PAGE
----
The wonderful STEREO tool disappeared about a week ago and hasn't been seen since. Server problems, I am told, but the folks at NASA who work on the STEREO project say it is out of their hands. They keep expecting it to return in the next 24-48 hours, but it hasn't yet. If you go here, you can see current images from the program; note that the end of that URL is a date that you can change to see images from different days. We just don't get to see that marvelous and very useful spinning sun animation. This page also has links to data, but I don't pretend to know what much of it means. Next Thursday -- February 25 -- images from the STEREO spacecraft will achieve 88 percent coverage of the Sun.

Many e-mails have been coming in this week about a new application for the iPhone that gives real-time views of the sun from STEREO; it will even alert users if a significant event is taking place. It is called 3D Sun and you can find out more about it here and also in an article here. Another propagation related iPhone app was released last year that you can peruse here.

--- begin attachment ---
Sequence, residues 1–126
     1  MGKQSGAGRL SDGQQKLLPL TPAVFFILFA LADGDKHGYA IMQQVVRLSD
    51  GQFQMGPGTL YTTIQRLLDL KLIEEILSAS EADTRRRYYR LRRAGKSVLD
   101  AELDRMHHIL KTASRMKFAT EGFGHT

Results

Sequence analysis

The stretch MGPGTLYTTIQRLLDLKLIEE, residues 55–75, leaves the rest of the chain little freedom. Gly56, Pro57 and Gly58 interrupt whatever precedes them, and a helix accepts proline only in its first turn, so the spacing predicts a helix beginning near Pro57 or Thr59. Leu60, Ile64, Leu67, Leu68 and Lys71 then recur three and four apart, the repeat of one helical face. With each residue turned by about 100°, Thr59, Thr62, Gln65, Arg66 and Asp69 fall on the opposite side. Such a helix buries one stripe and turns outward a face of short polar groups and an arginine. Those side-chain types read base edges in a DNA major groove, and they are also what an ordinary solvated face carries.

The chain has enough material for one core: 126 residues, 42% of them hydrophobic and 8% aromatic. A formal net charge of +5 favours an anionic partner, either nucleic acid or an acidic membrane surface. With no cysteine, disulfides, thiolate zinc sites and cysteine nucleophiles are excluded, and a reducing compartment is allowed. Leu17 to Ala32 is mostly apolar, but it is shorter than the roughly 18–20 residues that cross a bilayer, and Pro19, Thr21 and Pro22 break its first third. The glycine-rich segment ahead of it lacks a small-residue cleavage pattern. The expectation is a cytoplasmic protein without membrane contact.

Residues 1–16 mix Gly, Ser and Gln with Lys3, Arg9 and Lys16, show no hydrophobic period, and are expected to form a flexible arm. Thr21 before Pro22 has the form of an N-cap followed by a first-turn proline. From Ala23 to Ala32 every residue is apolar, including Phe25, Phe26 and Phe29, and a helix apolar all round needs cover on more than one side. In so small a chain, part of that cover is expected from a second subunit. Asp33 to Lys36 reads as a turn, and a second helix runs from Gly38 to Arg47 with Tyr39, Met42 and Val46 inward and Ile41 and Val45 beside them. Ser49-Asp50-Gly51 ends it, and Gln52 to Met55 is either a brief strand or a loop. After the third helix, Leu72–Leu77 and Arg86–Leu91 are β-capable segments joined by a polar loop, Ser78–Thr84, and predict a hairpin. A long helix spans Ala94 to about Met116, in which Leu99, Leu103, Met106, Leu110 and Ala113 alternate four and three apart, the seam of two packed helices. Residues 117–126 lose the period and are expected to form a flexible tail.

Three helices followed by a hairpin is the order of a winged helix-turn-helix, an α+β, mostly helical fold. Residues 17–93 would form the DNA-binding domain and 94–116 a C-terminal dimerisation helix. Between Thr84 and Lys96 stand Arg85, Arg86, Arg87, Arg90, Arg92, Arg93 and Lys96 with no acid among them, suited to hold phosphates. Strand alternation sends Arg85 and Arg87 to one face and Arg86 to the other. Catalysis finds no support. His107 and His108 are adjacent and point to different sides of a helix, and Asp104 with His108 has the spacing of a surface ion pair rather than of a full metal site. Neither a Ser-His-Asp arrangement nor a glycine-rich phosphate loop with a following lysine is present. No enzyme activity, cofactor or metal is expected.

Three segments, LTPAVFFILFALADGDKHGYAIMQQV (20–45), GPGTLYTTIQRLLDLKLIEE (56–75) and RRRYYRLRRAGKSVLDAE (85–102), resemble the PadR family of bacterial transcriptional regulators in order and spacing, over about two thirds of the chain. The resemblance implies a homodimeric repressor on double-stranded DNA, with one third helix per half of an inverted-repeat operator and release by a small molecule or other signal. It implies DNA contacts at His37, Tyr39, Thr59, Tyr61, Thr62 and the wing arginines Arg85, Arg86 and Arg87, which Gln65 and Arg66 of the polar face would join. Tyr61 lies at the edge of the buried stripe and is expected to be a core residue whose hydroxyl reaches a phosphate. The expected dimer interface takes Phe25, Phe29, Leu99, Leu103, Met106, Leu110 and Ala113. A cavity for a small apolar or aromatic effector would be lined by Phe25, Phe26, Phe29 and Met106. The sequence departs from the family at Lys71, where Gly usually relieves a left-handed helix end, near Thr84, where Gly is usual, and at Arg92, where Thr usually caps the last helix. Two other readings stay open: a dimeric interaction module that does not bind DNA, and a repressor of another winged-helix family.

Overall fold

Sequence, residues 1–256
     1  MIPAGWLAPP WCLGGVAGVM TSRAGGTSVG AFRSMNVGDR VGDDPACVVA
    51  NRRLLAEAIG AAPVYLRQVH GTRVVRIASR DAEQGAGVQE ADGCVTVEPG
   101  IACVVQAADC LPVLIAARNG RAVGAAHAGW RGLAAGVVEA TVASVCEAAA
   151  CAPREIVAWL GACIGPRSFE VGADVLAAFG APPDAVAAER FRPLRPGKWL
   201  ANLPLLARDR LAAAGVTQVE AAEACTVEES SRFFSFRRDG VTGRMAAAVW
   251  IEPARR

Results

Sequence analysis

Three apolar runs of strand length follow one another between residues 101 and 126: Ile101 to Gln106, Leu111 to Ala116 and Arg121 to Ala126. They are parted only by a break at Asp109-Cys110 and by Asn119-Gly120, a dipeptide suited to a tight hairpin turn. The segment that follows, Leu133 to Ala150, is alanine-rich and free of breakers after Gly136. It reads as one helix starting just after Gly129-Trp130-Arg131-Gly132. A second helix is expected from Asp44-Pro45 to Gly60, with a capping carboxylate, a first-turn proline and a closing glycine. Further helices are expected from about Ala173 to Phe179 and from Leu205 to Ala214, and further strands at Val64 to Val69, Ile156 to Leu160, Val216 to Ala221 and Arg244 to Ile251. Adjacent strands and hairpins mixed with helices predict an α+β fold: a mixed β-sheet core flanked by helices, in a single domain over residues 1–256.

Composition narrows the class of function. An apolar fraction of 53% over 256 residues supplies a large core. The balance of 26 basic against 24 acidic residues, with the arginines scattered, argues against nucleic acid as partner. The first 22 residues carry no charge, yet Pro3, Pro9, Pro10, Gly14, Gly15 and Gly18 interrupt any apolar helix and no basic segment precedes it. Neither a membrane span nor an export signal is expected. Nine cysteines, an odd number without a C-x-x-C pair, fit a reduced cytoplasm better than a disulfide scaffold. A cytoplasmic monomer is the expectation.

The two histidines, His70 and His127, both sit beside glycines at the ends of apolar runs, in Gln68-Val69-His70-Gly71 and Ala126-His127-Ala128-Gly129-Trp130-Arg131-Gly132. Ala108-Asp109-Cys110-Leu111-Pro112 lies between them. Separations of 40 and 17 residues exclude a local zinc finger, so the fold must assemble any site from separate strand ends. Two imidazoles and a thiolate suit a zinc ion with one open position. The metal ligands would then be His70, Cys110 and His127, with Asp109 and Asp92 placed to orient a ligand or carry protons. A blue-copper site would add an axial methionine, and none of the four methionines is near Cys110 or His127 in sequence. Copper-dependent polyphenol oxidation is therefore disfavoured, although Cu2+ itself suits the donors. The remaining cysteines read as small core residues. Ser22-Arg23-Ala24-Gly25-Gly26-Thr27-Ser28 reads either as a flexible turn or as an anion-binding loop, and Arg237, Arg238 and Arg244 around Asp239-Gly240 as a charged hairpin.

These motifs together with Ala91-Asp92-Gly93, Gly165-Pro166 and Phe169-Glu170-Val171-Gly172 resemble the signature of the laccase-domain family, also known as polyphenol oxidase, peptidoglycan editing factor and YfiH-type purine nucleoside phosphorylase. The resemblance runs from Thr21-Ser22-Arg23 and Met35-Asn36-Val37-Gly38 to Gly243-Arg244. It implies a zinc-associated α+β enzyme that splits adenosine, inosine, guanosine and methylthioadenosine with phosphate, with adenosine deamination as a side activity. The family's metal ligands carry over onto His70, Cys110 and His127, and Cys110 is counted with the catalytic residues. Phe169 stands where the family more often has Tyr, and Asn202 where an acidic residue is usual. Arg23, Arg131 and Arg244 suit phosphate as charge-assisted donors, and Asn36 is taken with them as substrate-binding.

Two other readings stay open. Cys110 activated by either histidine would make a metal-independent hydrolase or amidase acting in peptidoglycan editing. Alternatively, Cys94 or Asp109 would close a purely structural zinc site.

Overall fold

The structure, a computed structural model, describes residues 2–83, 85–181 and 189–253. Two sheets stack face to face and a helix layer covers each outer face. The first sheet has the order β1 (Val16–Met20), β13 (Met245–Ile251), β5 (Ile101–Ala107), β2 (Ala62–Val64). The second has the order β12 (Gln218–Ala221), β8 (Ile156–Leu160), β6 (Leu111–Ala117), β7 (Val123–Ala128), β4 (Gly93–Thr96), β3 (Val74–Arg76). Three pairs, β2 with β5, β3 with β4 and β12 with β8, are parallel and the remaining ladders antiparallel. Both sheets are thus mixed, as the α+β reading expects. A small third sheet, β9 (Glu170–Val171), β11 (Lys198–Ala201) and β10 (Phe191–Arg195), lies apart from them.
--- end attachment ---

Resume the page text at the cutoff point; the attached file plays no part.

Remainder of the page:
We have some new links this week for those who like to monitor ionospheric sounders, or ionosondes. For an introduction, go here. Check out this Web site for a geographic view of ionosonde stations and access to their real time data.

Carl Luetzelschwab, K9LA, sent a link to an article from 2007 summarizing what must be all the known predictions for the current Solar Cycle 24. Note the last page has a colorful representation of the range of predictions.

There is a new article on helioseismology this week in Science Daily.